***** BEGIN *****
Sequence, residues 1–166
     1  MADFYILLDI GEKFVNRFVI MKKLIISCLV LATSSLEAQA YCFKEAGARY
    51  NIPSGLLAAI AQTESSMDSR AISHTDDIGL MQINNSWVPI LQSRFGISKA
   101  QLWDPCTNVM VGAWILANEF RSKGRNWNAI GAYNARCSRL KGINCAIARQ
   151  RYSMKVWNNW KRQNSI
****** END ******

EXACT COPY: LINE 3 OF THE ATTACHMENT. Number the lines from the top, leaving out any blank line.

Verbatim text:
    51  NIPSGLLAAI AQTESSMDSR AISHTDDIGL MQINNSWVPI LQSRFGISKA